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North Korea Acts of Self-Defense

By Stephen Lendman

When America or Israel test nuclear or other weapons of mass destruction, the international community and Western media silence is deafening.

These countries and their rogue allies constitute the greatest threat to world peace - yet are unthreatened by anyone.

Claims otherwise represent fear-mongering to justify the unjustifiable, including out-of-control militarism and belligerence, notably ongoing wars of aggression in multiple theaters.

North Korea is hugely threatened by America’s rage for regional and global dominance. Its nuclear and ballistic missile programs are solely defensive, fearing possible US naked aggression, threatening its existence as a sovereign state.

Yet each time it tests weapons America, East Asia countries and others call unacceptable, criticism and threats follow.

In response to Pyongyang’s Sunday ballistic missile test, a May 23 Security Council emergency session will convene, at the request of Washington, South Korea and Japan, certain to discuss tougher sanctions, perhaps other measures short of war on the peninsula, a looming future possibility.

From Riyadh, Secretary of State Tillerson said “(w)e’re early in the stages of applying the economic pressure as well as the diplomatic pressure to the regime in North Korea.”

“Hopefully they will get the message that the path of continuing their nuclear arms program is not a pathway to security or certainly prosperity. The ongoing testing is disappointing. It’s disturbing.”

South Korea’s Joint Chiefs of Staff spokesman Roh Jae-cheon said “Seoul and Washington believe Sunday’s test provided North Korea with unspecified ‘meaningful data’ on its push to improve the credibility of missile technology.”

Following Sunday’s test, South Korea held a National Security Council meeting - hours after President Moon Jae-in announced his new foreign minister choice, as well as top security and foreign policy advisors.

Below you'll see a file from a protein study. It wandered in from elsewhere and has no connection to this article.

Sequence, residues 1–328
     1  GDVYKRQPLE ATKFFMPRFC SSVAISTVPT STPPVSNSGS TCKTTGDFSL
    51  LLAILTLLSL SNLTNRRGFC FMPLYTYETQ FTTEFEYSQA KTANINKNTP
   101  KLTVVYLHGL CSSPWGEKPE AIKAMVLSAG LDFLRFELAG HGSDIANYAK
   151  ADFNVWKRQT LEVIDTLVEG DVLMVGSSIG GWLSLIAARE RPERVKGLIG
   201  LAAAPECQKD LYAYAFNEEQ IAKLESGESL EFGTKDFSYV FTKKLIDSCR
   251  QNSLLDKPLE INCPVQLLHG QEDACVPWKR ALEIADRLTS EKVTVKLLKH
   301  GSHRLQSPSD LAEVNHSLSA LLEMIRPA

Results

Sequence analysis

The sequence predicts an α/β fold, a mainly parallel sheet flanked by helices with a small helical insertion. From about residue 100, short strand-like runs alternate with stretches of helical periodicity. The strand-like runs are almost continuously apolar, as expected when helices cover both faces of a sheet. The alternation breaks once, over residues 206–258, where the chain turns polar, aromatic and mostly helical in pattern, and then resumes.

Japanese Prime Minister Shinzo Abe called Sunday’s launch a “challenge to the world.” It’ll be discussed later this week by G7 leaders in Sicily.

Pyongyang’s Korean Central News Agency (KCNA) confirmed Sunday’s launch of a ground-to-ground medium-range Pukguksong-2 ballistic missile, saying:

The test “aimed to finally verify all the technical indexes of the weapon system and thoroughly examine its adaptability under various battle conditions, before its deployment at military units for action.”

The launch followed a week-ago long-medium-range Hwasong 12 test-firing. According to the KCNA, Kim Jong-un said the Pukguksong-2 is ready for mass-production and deployment. It’s able to strike targets up to 500km away.

South Korean military officials said it’s a solid-fuel missile - more complex but more stable, providing greater longterm military capability.

US Pacific Command tracked the missile in flight to splashdown. Its spokesman called Pyongyang’s ballistic missile tests “reckless, irresponsible and destabilizing” - a dubious distinction applying to America and its rogue allies, not the DPRK threatening no one.

The core issue is Washington’s refusal to deal with North Korea diplomatically, recognizing its government, ending longstanding hostility, lifting sanctions, treating the DPRK like other regional nations, guaranteeing its security, precluding its need for powerful defensive weapons.

Stephen Lendman lives in Chicago. He can be reached at

His new book as editor and contributor is titled "Flashpoint in Ukraine: How the US Drive for Hegemony Risks WW III."

Visit his blog site at

Listen to cutting-edge discussions with distinguished guests on the Progressive Radio News Hour on the Progressive Radio Network.